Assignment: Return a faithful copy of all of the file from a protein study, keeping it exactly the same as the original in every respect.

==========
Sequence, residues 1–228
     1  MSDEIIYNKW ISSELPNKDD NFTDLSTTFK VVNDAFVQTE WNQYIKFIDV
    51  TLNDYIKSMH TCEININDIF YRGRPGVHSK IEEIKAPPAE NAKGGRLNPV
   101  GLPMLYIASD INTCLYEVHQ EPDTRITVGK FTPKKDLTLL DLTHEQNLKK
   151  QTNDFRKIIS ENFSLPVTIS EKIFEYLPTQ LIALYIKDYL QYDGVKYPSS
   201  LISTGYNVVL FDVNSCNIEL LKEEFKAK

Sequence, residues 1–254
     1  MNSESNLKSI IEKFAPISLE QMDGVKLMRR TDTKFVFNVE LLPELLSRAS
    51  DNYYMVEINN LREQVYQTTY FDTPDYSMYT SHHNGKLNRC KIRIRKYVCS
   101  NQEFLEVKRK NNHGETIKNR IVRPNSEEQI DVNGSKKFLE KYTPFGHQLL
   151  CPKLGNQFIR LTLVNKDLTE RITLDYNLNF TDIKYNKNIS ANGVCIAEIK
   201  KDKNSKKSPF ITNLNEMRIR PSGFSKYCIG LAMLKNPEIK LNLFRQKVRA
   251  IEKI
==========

Sequence, residues 1–228
     1  MSDEIIYNKW ISSELPNKDD NFTDLSTTFK VVNDAFVQTE WNQYIKFIDV
    51  TLNDYIKSMH TCEININDIF YRGRPGVHSK IEEIKAPPAE NAKGGRLNPV
   101  GLPMLYIASD INTCLYEVHQ EPDTRITVGK FTPKKDLTLL DLTHEQNLKK
   151  QTNDFRKIIS ENFSLPVTIS EKIFEYLPTQ LIALYIKDYL QYDGVKYPSS
   201  LISTGYNVVL FDVNSCNIEL LKEEFKAK

Sequence, residues 1–254
     1  MNSESNLKSI IEKFAPISLE QMDGVKLMRR TDTKFVFNVE LLPELLSRAS
    51  DNYYMVEINN LREQVYQTTY FDTPDYSMYT SHHNGKLNRC KIRIRKYVCS
   101  NQEFLEVKRK NNHGETIKNR IVRPNSEEQI DVNGSKKFLE KYTPFGHQLL
   151  CPKLGNQFIR LTLVNKDLTE RITLDYNLNF TDIKYNKNIS ANGVCIAEIK
   201  KDKNSKKSPF ITNLNEMRIR PSGFSKYCIG LAMLKNPEIK LNLFRQKVRA
   251  IEKI